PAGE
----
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Weekly Oil & Gas Notes: OPEC Meeting and Petrobras Investigations

Oil and gas stocks continued to decline this week as the members of Organization of Petroleum Exporting Countries decided to maintain their production target for the first half of next year despite the recent decline in crude oil prices. The economic cartel sent out a clear signal of its intentions to decelerate the growth in tight oil production in the U.S.

While lower crude oil prices will provide a much needed impetus to the global demand growth, energy sector companies are in for a prolonged period of thinner margins and diminishing returns. The NYSE Arca Oil & Gas Index (^XOI) has declined by around 9% so far this week.

The decline in crude oil prices over the past few months could be attributed to moderating economic growth in emerging markets such as China and India and signs of a slower economic recovery in the Euro-zone. In China, the rate of growth in demand for petroleum products has fallen to almost half of what it was a year ago. The International Energy Agency expects the growth in global oil demand this year to hit a 5-year low. It expects demand, which stood at around 91.7 million barrels per day last year, to increase by just around 0.74 million barrels per day this year. This compares to an expected increase in supply of more than 1.5 million barrels per day from the U.S. alone. As a result, the price of front-month Brent crude oil futures contract on the ICE declined by more than 37% since hitting a short-term peak of $115/barrel.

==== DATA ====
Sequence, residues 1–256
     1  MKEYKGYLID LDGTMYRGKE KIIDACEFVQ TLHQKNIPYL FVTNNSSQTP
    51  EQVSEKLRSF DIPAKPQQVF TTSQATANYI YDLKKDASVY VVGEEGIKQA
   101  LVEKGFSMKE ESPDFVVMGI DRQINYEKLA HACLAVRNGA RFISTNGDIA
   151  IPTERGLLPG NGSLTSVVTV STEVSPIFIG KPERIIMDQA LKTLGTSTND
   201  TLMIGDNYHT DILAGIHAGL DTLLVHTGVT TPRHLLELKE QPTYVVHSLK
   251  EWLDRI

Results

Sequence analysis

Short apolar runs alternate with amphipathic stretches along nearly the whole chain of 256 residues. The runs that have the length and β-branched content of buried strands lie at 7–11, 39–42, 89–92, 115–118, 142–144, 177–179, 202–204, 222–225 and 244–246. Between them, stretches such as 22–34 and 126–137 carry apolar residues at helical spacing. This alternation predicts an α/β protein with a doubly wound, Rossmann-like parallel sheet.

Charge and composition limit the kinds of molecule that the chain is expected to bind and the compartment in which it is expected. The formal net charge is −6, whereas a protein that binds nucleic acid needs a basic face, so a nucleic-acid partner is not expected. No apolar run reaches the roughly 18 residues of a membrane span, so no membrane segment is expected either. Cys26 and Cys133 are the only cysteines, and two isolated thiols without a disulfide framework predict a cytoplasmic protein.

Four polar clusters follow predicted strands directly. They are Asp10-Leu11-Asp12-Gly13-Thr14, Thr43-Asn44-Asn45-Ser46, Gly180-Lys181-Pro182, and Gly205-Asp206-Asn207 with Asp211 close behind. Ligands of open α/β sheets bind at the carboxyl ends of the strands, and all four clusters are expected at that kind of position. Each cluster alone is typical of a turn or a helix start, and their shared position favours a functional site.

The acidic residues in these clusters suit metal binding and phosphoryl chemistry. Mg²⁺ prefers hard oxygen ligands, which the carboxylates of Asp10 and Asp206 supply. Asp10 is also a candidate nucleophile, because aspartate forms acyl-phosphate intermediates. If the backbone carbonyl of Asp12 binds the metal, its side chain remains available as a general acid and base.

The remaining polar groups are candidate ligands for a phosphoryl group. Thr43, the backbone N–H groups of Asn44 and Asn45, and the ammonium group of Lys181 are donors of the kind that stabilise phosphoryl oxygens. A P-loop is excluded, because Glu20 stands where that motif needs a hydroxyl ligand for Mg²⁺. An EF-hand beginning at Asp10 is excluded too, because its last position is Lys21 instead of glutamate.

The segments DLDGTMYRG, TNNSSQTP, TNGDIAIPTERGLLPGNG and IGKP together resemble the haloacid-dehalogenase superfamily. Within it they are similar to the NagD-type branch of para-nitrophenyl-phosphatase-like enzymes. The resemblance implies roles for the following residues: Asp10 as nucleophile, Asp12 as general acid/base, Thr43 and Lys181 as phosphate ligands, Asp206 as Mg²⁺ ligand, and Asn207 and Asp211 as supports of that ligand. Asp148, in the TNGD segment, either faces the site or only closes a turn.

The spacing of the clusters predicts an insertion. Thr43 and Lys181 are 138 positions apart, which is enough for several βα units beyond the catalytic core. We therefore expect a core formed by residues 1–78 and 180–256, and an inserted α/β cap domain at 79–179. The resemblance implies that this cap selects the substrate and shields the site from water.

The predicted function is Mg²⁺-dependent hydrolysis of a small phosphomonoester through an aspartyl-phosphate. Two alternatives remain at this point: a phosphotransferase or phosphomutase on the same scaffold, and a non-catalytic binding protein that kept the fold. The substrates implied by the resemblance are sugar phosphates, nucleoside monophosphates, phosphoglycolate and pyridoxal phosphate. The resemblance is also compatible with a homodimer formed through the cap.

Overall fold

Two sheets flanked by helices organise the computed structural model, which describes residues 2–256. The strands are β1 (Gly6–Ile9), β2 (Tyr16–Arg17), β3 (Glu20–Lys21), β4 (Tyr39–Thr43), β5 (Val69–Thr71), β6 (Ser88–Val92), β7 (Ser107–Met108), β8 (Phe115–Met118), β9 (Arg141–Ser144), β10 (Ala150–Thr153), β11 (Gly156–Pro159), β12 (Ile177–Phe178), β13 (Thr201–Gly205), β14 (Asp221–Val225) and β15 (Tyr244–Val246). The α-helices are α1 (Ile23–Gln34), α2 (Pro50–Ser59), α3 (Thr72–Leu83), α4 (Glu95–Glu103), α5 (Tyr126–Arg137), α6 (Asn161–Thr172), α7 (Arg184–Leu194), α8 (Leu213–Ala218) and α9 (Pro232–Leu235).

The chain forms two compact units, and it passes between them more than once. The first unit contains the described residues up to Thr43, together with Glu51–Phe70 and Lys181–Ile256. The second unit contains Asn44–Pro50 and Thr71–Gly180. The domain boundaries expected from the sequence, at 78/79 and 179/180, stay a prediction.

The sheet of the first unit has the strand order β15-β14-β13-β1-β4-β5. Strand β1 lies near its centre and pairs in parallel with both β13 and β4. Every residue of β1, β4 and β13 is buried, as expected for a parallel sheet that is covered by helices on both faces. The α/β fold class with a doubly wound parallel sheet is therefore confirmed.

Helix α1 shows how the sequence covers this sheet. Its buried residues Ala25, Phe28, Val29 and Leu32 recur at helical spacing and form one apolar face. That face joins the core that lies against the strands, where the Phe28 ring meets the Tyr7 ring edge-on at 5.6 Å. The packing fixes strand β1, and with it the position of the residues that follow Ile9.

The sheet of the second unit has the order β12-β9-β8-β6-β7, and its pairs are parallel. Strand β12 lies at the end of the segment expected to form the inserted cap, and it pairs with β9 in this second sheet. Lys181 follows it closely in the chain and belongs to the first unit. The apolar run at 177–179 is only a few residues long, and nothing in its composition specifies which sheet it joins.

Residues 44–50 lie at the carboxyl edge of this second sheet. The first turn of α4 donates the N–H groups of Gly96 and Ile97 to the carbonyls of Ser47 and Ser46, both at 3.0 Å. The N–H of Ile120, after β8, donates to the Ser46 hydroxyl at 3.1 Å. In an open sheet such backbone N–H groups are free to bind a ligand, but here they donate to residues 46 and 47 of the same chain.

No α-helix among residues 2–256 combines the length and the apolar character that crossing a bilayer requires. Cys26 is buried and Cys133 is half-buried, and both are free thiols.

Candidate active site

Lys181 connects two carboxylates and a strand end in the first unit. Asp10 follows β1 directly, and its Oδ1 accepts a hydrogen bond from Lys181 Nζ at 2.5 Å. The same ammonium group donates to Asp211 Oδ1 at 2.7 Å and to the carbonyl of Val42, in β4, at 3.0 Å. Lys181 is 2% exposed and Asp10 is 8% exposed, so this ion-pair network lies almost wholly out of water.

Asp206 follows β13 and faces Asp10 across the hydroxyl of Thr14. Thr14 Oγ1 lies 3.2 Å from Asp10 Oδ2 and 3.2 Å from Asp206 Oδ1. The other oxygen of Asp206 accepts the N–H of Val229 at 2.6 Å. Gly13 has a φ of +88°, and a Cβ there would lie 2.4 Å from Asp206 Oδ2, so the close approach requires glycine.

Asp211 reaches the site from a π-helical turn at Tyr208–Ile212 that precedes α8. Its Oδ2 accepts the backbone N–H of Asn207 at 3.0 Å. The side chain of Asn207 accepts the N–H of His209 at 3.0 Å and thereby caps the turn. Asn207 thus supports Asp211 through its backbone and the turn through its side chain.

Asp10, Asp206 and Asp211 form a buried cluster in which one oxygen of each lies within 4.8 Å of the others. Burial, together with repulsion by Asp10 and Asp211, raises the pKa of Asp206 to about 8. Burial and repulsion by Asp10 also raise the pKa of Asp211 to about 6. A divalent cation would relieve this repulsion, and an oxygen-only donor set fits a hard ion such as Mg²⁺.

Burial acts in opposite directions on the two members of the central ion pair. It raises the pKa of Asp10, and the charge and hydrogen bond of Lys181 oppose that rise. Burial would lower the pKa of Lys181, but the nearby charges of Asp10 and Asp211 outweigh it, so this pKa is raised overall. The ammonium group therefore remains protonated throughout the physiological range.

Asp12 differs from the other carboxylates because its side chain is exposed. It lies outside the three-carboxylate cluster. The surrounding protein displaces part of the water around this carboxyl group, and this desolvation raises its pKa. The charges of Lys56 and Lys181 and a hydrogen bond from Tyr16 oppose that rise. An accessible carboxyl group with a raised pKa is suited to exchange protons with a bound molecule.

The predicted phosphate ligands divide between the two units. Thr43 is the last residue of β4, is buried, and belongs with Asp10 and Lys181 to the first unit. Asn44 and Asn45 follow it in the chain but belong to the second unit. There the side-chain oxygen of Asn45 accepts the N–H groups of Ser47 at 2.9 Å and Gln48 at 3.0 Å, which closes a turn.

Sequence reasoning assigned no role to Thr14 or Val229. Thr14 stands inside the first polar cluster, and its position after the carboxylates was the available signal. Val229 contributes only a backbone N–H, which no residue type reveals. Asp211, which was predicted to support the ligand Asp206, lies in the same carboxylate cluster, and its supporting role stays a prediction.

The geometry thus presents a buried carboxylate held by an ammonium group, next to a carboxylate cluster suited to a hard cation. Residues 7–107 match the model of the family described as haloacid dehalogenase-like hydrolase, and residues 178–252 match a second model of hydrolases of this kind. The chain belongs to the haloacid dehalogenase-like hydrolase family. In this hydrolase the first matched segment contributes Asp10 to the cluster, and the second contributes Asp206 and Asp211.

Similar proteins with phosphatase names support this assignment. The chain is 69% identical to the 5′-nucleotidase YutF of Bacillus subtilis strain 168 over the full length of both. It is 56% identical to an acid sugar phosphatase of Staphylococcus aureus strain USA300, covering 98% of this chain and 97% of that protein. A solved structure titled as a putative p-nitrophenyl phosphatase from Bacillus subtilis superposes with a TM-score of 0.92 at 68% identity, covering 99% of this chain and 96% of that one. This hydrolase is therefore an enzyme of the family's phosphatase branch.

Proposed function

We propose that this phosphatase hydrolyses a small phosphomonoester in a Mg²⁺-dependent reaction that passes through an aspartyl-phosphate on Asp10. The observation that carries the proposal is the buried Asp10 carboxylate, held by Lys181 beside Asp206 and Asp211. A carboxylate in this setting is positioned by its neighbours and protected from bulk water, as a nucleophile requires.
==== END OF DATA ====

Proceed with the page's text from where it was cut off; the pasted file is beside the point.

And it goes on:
Below, we provide an update on some of the key events that occurred last week related to the oil and gas companies we cover.

OPEC’s Decision To Hit Independent Producers In The U.S. The Most

Global benchmark crude oil prices fell sharply after OPEC announced its decision to maintain its production target in the short term. The front-month Brent crude oil futures contract on the ICE declined by more than 6%, while the West Texas Intermediate slid below $70/barrel for the first time since 2010. Given that the largest swing producer for crude oil in the world and the leader of OPEC, Saudi Arabia, has declined to blink on oil prices for at least the next few months, the chances of a significant upswing in commodity prices in the short term are bleak. We believe that this will hurt the growth prospects of independent tight oil producers in the U.S., such as Anadarko Petroleum, EOG Resources, and Chesapeake Energy, the most not only because their marginal cost of production is one of the highest in the world but also because they do not have downstream refining and chemicals businesses, which provide a relatively stable stream of cash flows to the integrated oil and gas companies like Exxon Mobil. We therefore expect these companies to trim their capital spending plan for the next year. •We currently have a $102/share price estimate for Anadarko, which is around 25% above its current market price. The company?s share price has decreased by around 13% so far this week. •We currently estimate Anadarko?s 2014 GAAP diluted EPS to be at $5.54, compared to the consensus estimate of $4.87 reported by Reuters.

See Our Complete Analysis For Anadarko

U.S. Authorities Investigating Petrobras

The U.S. Securities and Exchange Commission issued a subpoena (a written order issued by a government agency) to Petrobras last week requesting documents relating to an investigation of the company. Without divulging any more details on the matter, Petrobras said that it would send the documents required by the SEC after internal investigations by the two law firms hired by the company. It also did not specify if the SEC request was related to the corruption case that is being currently investigated by the Brazilian authorities, in which one of its former executives has alleged that Petrobras systematically overpaid construction companies hired on contract work and that the excess funds were kicked back to politicians from the ruling party and its allies. However, the company did mention that it would cooperate with the U.S. authorities to the same extent as it has with the local authorities.

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